Fans care less about non-elimination games because there is less at stake. By the nature of a seven-game series, Game 6 and Game 7 are always an elimination situation for one team, with the last game a winner-takes-all situation for both. Yet there is no guarantee fans will get a Game 6 or 7, and even though Game 4 or 5 can be elimination games, there is far less interest in a 3-0 or 3-1 series than those where both teams have pressure to win.
Game 3 of the World Series sees, on average, a 20 percent ratings drop from other games in the series. (Granted, over the last decade Fox has put Game 3 on Saturday night.)
What if Game 3 was the clincher? What if there was no Game 4? The ratings could be insane.
The team with more victories in the regular season could be the "home team" for the first and final games of a three-game neutral site World Series. The short series would immediately create more pressure on Game 1, as the victor of the first game has a huge advantage going into the next.
Game 2—not Game 4—becomes the first elimination game, creating additional interest beyond traditional baseball loyalists and fans in both cities. If there were a Game 3, the ratings would be enormous—at least as big as a traditional Game 7. Though, one might suggest (read: I am suggesting) the ratings would be better for a winner-takes-all Game 3 because a shorter World Series would create more national buzz and keep those without specific rooting interests more involved.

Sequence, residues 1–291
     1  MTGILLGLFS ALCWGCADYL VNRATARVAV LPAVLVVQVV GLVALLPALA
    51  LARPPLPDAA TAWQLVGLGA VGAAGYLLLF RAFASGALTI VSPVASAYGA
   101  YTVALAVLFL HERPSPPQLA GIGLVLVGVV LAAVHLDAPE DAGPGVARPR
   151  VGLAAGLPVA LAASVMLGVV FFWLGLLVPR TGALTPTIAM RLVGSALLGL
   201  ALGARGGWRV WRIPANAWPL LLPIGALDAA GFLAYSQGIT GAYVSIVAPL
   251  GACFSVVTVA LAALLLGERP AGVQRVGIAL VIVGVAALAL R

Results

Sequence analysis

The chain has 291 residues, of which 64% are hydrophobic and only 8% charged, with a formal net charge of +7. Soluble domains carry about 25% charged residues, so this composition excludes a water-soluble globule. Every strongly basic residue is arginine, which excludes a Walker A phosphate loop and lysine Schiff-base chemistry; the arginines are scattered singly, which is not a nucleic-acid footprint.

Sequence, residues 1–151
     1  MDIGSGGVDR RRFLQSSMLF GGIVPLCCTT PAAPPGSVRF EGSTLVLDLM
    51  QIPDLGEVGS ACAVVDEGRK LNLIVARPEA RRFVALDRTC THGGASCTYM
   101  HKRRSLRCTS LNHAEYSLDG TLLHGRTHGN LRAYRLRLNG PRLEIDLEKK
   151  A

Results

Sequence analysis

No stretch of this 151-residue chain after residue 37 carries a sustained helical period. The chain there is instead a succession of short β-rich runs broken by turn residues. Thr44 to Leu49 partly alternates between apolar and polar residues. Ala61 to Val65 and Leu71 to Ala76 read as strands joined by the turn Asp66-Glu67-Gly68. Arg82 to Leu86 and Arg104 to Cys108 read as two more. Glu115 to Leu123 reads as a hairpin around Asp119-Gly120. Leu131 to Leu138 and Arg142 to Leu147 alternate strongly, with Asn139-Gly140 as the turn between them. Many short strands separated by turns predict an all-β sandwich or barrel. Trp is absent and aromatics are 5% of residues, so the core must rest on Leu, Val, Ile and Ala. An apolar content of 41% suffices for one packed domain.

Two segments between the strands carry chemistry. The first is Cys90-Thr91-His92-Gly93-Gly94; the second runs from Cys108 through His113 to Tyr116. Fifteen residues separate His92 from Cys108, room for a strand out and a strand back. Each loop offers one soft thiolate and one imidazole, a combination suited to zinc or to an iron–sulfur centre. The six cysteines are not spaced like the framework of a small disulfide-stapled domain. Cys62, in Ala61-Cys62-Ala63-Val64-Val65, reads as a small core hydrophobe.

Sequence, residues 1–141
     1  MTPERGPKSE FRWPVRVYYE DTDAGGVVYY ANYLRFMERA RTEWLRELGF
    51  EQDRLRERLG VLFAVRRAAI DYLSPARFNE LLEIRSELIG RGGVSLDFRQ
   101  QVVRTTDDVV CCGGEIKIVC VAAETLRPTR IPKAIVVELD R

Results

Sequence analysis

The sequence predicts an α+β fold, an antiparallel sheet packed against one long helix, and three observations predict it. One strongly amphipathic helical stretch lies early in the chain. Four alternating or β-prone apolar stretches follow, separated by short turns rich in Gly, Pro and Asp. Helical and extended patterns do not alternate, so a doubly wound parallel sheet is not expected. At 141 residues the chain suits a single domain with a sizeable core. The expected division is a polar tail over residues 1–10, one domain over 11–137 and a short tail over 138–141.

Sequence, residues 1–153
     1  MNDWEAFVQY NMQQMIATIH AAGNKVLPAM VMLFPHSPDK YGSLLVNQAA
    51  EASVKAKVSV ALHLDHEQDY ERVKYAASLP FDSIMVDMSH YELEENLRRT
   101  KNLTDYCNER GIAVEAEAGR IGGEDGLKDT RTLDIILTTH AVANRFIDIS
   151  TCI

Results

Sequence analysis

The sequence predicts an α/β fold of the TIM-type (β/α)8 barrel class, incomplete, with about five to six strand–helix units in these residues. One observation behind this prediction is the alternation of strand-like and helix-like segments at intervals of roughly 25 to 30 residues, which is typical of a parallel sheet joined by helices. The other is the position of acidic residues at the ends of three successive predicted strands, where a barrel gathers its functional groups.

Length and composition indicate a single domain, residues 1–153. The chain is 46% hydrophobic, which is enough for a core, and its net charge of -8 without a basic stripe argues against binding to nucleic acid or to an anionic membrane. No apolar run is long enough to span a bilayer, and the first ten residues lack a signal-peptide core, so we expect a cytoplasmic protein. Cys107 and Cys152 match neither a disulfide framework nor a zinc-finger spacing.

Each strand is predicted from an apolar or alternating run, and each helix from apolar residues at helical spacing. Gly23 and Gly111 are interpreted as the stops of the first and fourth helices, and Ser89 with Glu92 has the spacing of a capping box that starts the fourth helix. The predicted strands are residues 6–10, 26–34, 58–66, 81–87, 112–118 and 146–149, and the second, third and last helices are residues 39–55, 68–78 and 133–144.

Just because the World Series has traditionally* been seven games doesn't mean it has to be forever. (*In 1903 and from 1919-1921 the World Series winner had five victories, not four. Before 1903, the World Series was an exhibition between three and 15 games long, depending on the year.)
There is nothing wrong with the World Series being seven games. Baseball is great, and the drama in the World Series is great too. It's not you, baseball. It's us.
Today's culture has changed. Year after year, it becomes more difficult for a sport predicated on local interest to attract fans to a prolonged championship series between two teams they don't care about—or in the case of these teams this year, find hard to like.
Surely Fox, or any network, benefits from a deep series, because even low-rated sporting events traditionally attract larger audiences than episodes of Sleepy Hollow or Bones—insert your own "Tim McCarver vs. The Walking Dead joke here"—but a shorter World Series could create more buzz within the sports world, and guaranteeing an elimination game within the first two contests would give Major League Baseball the closest thing it can get to a Super Bowl.